help me understand cane berry lateral growth

steve_in_los_ososJune 20, 2013

Here's my growing situation: I am growing both boysenberries and Triple Crown blackberries in 18 gal containers. Each container sits within a rectangular cage which is about 7 ft tall and a little wider than the container itself.

I only allow four fruiting canes on a plant each season and these are tied to the vertical corners of the cages. New canes that will fruit the following season are directed up the center of the cage until they can take the place of the older canes. Then I choose the four best, cut out the rest, etc.

This is done in a narrow side yard and is the only place I have for growing these plants (long story, evil neighbors, etc.).

My question is about the fruiting laterals. I've read that after tipping the new canes the laterals will develop and that these can then be cut back to perhaps 12-18" in the dormant season. I generally do this for any laterals that have formed, but many canes do not have laterals at that point (maybe because I don't tip the new canes until it's time to remove the old ones?), so when they start growing in the Spring I'm never sure what to do. My initial observation is that flowers seem to form on the terminals of the laterals, so I fear cutting them back will sacrifice fruit.

The other side of that coin is that there is a real tangle now since many of the laterals are quite long :-( This has pluses and minuses as well, but I think more minuses.

So...if I cut back (or pinch out) the tips of newly growing laterals in the Spring, how will the remaining lateral grow? Will it send out side shoots with flower buds or?????

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Steve, I'm in a perplex situation as you on on the Triple Crown cane growing. I really don't believe in this...tipping or sniping the ends of the canes, as I rather let the canes have fun and grow as they please.. Most of my TP new growth are 6-7 feet in length now, and most have lateral stems as well. Some of the lateral stems are 16-18 inches now. I have "tipped" the ends on several canes just to see what happens. I have several acres for these to expand, so, let them grow to their hearts content.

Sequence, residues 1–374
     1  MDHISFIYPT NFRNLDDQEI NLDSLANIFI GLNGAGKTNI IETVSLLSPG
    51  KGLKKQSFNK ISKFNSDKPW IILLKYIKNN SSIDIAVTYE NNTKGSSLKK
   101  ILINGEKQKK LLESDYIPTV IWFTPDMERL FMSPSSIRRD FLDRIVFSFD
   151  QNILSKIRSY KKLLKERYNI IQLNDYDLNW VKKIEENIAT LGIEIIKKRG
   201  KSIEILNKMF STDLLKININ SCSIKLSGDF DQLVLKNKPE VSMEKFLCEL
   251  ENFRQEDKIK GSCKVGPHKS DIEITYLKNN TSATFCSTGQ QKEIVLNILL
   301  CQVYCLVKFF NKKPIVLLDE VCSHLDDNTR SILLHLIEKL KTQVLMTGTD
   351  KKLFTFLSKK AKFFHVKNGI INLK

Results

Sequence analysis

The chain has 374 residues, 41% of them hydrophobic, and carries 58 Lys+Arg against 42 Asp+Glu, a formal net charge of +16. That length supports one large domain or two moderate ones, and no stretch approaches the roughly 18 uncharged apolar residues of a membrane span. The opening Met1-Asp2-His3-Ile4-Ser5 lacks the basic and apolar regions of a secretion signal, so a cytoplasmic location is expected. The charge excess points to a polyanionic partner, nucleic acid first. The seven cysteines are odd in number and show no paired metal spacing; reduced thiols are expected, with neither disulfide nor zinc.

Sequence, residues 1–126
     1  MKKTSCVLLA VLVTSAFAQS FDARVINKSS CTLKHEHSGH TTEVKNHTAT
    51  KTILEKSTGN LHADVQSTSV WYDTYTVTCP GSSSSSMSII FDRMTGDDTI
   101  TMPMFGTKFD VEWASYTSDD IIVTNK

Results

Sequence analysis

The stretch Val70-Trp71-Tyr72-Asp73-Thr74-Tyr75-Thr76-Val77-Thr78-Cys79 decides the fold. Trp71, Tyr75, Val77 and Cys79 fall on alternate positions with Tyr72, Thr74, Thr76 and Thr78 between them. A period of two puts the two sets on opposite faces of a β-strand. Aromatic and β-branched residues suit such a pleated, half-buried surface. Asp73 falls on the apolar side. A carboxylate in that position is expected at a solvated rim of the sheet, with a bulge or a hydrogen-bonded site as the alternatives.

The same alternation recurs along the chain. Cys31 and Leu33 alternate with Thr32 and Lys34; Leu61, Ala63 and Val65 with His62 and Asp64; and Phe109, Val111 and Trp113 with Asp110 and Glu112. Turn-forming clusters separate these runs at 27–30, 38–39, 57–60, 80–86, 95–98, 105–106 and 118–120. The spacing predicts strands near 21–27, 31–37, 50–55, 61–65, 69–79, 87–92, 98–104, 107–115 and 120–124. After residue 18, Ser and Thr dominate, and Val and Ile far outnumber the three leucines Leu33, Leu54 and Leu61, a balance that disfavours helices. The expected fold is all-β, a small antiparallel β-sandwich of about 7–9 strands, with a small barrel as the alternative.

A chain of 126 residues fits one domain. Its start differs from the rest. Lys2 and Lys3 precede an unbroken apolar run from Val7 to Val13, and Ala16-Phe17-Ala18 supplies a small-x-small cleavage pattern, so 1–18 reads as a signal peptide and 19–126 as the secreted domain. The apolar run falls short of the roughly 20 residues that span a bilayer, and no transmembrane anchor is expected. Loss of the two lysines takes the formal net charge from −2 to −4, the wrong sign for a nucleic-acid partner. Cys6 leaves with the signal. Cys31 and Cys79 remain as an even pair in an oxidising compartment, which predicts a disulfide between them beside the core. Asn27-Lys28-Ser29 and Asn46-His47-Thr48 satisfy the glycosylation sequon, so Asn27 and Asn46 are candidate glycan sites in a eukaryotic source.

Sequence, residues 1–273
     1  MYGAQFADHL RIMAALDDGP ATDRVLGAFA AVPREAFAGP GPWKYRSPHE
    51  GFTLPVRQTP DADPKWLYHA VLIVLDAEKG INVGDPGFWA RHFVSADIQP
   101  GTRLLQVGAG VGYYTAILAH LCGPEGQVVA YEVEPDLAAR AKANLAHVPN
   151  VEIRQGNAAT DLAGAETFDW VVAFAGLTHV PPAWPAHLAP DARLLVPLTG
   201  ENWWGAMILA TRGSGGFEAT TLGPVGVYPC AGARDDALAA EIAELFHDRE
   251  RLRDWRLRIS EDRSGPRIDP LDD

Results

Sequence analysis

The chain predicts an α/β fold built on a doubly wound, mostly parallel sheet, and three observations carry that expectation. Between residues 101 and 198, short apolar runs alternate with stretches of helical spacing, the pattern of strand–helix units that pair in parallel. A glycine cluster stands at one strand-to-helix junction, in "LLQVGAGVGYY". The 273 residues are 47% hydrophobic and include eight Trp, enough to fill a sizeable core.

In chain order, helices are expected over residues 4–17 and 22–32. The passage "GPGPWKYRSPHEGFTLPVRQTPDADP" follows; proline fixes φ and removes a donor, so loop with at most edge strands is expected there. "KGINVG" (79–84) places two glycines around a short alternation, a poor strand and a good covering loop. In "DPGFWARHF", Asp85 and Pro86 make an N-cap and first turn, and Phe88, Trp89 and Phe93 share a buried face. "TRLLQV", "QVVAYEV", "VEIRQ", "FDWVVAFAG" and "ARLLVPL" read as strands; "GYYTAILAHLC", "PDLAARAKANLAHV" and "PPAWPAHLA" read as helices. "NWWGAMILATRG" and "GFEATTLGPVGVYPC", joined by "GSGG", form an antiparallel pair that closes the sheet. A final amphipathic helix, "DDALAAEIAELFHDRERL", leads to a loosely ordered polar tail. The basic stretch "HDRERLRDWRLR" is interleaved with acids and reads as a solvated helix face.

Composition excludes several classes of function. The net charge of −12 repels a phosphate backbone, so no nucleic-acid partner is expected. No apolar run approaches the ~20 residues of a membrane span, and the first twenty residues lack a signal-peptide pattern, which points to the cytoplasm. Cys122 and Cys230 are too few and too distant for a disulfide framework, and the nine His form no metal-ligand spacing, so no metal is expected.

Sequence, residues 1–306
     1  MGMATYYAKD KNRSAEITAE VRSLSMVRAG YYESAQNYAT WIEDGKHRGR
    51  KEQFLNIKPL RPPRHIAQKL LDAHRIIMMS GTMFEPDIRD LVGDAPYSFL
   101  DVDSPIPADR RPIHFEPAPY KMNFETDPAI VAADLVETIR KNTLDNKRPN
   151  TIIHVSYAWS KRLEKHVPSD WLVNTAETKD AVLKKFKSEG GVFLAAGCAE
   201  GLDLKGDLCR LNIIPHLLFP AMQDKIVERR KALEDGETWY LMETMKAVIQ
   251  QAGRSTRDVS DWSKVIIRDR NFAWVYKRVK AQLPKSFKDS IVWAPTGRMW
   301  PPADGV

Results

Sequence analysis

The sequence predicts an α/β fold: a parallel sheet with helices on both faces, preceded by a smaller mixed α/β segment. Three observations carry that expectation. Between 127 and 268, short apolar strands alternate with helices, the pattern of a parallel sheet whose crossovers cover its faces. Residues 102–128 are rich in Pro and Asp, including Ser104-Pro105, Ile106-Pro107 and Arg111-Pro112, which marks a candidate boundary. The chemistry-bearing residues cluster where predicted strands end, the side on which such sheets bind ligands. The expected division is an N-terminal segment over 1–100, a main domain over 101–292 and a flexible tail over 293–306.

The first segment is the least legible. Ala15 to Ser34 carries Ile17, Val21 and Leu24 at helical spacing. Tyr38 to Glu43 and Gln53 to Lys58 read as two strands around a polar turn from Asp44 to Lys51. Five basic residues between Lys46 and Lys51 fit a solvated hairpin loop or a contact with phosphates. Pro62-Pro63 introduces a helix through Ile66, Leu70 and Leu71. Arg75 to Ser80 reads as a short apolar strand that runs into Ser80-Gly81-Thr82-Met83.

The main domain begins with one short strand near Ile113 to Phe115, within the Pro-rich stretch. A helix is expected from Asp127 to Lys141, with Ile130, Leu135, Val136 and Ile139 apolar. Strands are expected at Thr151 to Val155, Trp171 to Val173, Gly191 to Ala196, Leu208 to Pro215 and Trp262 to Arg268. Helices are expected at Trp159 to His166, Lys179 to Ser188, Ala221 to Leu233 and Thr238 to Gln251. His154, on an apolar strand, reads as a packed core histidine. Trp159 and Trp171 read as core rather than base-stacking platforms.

Bookmark   June 20, 2013 at 7:56PM
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TC canes are variable as to how many laterals they form, but most of them do. Laterals will become evident at leaf nodes on the main cane during the active growing season before the canes are tipped. Sometimes these laterals start fairly close to the ground.

If none are evident on a cane, tip-cutting the main cane should encourage laterals to form, but they will likely form high up on the cane near the pruning point.

I would tip the main canes when they exceed the height of the cage, don't wait for any particular time of the season instead.

My experience with TC is that once growth on a cane/lateral system stops for the year, it does not resume the following spring; instead, the fruiting stems and blossoms occur. In your Cal zone 10, they may behave differently. Repeated pinching of laterals can result in a maze of ever-smaller additional laterals through the growing season.

In your limited space, perhaps you could try pruning the main cane when quite short and force the growth of smaller-diameter laterals that can be looped, like some of the other forum member's photos have shown for container growing.

I'm not familiar with Boysen habits, but they should be easier to loop than TC.

And it all boils down to how many berries do you want when trying for a certain total linear feet of laterals.

    Bookmark   June 20, 2013 at 11:43PM
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Thanks for the helpful responses. Indeed, my TC canes are always "naked" until tipped. I have been letting them do their thing until late summer but I think you may be on to something with limiting their vertical growth right off the bat. The Boysenberries are maniacs when it comes to cane growth and I know that if a growing point is injured then lateral growth commences like wildfire so I can see the potential issue if this growth is pinched out early. Hmm.....time for some experimenting.

I'm not expecting buckets of berries from these conditions. There are only two of us and a little for fresh eating plus a couple of pies is just fine. There are other things to eat in the garden.

    Bookmark   June 21, 2013 at 11:18AM
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Then I would just experiment with tipping height and let whatever laterals form grow through the season and keep them bundled or maneuvered out of the way and do a 1-time pruning when growth has slowed or stopped. That will still make plenty of berries. Even the lower main canes produce fruit--although the fruiting stems there can get 3 feet long on TC.

    Bookmark   June 21, 2013 at 10:34PM
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If you have not seen Dr Powell's video on trellising blackberries, I would highly recommend watching it. There is another of his videos that show a later progression of the growth.

Here is a link that might be useful: trellis blackberries with Dr Powell

    Bookmark   June 21, 2013 at 11:23PM
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